New study shows young smokers are more likely to switch from menthol to nonmenthol cigarettes
A longitudinal study of youth smoking habits suggests that many youth and young adult smokers progress from using mentholated tobacco products to preferring nonmentholated products over time. Previous studies have demonstrated that youth and young adults disproportionately choose menthol cigarettes. Patterns of smoking in the current study suggest that menthols are a "starter product" for youth; more than twice as many smokers who used mentholated cigarettes at baseline made the switch to nonmenthol products (15%), versus nonmenthol smokers who later switched to mentholated products (6.9%). In light of the findings, the researchers call upon the U.S. Food and Drug Administration to act on its authority to ban menthol products in order to prevent young people from starting to smoke. Click here to read more, or click here to read the abstract of the study in the American Journal of Public Health.
Video games and the next tobacco frontier: Smoking in the Starcraft universe
A new study found that tobacco use is prevalent in a popular video game marketed to youth ages thirteen and older. The researchers examined the use of tobacco promotion in the eighteen video shorts contained within the video game Starcraft II. They found that tobacco occupies 30% of the screen time in a single short, and that the hero of the game and other characters were frequently featured smoking cigars and cigarettes. While this game has different age ratings in different countries, the U.S. holds the lowest at age 13. The World Health Organization suggests that video games containing tobacco use should be given an adult rating. Future research needs to assess how tobacco content in video games like Starcraft II impact youth and young adults, the population that is most exposed to them. Click here to read an extract of the article in British Medical Journal.
Surgeon General's Report consumer guide now available in English and Spanish
An easy-to-read consumer guide and highlight sheets on the latest Surgeon General’s Report, Preventing Tobacco Use Among Youth And Young Adults, are now available in English and Spanish. Click here to view the consumer guide and other resources related to the report from the Centers for Disease Control and Prevention.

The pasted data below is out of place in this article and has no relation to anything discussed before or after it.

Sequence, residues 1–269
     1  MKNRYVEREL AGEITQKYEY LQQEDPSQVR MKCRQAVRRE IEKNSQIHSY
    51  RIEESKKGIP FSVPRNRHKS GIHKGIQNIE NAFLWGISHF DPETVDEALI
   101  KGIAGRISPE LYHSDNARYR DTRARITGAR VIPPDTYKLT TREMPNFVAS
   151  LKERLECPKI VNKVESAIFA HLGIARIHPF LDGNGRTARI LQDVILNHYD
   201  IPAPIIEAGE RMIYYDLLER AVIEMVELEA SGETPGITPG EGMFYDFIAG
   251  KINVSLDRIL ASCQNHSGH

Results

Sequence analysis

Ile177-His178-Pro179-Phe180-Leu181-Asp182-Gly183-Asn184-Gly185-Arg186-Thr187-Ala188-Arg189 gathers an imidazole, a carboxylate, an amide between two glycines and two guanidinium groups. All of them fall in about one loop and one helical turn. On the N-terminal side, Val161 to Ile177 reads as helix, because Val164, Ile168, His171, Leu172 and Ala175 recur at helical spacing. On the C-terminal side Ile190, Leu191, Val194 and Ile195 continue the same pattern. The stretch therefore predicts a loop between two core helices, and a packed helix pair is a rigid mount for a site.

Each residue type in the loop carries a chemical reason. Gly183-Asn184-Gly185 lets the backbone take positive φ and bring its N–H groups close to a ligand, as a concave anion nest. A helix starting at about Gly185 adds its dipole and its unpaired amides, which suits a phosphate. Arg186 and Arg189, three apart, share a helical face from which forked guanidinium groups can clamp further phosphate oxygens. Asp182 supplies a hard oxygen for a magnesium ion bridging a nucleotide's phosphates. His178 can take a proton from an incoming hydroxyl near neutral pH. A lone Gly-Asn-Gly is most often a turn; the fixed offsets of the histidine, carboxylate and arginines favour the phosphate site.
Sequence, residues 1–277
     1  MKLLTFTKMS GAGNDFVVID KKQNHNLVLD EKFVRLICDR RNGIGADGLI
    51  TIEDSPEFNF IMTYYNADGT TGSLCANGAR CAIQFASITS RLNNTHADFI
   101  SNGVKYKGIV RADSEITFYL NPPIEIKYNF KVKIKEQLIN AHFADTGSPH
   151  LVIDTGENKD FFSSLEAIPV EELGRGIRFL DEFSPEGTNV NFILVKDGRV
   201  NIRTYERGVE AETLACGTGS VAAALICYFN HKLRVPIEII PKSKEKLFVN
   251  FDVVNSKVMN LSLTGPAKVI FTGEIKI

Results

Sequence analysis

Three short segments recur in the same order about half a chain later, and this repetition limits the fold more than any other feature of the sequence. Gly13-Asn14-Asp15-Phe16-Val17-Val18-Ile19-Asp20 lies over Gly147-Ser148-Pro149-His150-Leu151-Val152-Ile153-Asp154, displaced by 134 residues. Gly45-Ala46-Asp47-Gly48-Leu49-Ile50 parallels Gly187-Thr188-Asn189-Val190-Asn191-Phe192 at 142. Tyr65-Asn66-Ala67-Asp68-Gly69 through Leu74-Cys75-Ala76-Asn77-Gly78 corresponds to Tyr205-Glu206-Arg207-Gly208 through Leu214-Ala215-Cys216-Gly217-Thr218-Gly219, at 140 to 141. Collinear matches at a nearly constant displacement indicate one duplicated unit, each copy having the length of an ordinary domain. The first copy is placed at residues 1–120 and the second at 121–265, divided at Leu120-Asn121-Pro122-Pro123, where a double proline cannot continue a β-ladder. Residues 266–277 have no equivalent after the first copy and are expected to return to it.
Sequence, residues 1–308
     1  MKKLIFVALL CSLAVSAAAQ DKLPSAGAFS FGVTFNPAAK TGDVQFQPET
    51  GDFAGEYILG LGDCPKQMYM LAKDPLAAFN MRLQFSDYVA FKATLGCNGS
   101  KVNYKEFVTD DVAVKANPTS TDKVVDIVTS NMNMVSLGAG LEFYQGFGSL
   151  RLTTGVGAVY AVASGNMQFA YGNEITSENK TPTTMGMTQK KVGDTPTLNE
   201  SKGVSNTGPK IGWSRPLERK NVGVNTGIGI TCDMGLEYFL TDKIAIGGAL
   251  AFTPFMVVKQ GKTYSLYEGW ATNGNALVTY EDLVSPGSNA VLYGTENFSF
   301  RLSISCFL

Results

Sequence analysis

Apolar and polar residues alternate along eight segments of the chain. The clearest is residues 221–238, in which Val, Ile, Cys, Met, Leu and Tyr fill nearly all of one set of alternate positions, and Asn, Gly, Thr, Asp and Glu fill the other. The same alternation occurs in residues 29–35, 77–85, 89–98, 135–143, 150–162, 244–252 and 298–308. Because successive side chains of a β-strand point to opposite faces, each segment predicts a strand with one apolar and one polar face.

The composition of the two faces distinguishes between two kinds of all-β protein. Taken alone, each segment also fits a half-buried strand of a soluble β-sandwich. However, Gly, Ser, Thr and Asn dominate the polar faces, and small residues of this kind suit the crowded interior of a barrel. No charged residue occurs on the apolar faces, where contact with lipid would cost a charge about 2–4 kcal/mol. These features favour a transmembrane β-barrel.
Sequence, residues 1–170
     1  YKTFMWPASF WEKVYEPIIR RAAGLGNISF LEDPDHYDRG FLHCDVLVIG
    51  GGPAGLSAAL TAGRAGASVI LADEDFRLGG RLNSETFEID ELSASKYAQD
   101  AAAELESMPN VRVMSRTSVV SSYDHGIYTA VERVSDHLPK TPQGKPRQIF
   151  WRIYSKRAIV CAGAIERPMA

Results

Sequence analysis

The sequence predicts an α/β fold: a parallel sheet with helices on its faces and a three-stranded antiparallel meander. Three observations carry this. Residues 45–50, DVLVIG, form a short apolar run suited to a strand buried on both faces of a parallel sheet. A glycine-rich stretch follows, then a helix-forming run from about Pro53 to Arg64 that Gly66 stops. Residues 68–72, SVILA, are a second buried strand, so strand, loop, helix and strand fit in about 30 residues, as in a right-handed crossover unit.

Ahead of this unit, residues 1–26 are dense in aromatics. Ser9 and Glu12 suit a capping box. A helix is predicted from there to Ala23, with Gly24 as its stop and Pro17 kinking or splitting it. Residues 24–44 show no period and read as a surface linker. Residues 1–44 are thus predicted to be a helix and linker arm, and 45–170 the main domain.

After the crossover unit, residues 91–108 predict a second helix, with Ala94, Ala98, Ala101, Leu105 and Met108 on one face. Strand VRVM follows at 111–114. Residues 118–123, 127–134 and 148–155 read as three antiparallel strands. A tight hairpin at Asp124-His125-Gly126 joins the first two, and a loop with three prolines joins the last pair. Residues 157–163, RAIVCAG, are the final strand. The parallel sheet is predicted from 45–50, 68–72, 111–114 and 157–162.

New National Survey on Drug Use and Health (NSDUH) data: Fewer young Americans smoking
A new report from the Substance Abuse and Mental Health Services Administration (SAMHSA) found that from 2004 to 2010, there were significant reductions in smoking prevalence among both adolescents aged 12-17 and young adults aged 18-25. Still, as of 2010, 1 in 12 adolescents and 1 in 3 young adults had smoked in the past month. The report notes that the percentage of adolescents who report daily smoking during the past month has remained stable in recent years, and that the findings illustrate the need for continued efforts to reduce youth tobacco use. Click here to read more, or click here to view the NSDUH report, “Trends in Cigarette Use among Adolescents and Young Adults.”
Playground trade 'drives smoking' (United Kingdom)
The Institute of Education at the University of London has released a new report titled “Young People’s Access to Tobacco” that determined that young people are most likely to obtain cigarettes from their peer groups. This report was a systematic review of research that examined the habits of 9,000 smokers aged 11-18 in the United Kingdom. The researchers found that in many schools, the teens shared cigarettes openly and some sold them for profit. Additionally, older teens, boys, and more experienced smokers were more likely to get cigarettes from shops; in person or by asking someone else to buy them. This report states that it is important for schools to disrupt the exchange of tobacco among students, as it will reduce the visibility of smoking in the teens’ lives. To read more click here, and click here to access the report.
New report and film reveal shocking impact of tobacco packaging on children (United Kingdom)
A recent report, “The Packaging of Tobacco Products,” has been published along with a hard-hitting short film that shows how children are attracted to colorful, slickly designed cigarette packaging. The report and film are part of the launch of Cancer Research U.K.’s campaign called “The Answer is Plain” which asks for signatures on a petition to remove all branding from tobacco packaging. The film shows children stating reasons why they like particular attractively designed packages, and gives insight into the power of branding and marketing. The release of this report and video is timely due to recent statements by the U.K. government supporting the notion of passing a plain packaging law for tobacco products in the U.K. Click here to read more.
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